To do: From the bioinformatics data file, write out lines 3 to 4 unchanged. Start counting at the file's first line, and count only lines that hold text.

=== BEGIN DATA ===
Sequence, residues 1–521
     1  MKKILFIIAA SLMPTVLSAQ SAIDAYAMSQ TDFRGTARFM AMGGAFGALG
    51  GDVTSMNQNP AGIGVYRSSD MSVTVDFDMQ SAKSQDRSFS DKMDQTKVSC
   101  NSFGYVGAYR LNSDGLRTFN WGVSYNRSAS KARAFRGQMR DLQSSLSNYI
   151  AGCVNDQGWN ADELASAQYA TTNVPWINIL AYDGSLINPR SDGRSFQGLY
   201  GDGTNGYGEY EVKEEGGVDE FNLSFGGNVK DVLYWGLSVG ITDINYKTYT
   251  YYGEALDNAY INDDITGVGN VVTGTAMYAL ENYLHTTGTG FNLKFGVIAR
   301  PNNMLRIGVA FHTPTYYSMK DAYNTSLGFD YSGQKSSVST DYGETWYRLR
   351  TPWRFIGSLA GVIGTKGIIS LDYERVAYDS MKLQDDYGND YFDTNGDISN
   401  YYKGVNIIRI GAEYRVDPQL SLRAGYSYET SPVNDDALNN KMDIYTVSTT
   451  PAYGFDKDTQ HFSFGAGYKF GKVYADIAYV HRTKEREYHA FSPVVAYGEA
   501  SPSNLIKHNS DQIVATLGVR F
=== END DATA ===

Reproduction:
    51  GDVTSMNQNP AGIGVYRSSD MSVTVDFDMQ SAKSQDRSFS DKMDQTKVSC
   101  NSFGYVGAYR LNSDGLRTFN WGVSYNRSAS KARAFRGQMR DLQSSLSNYI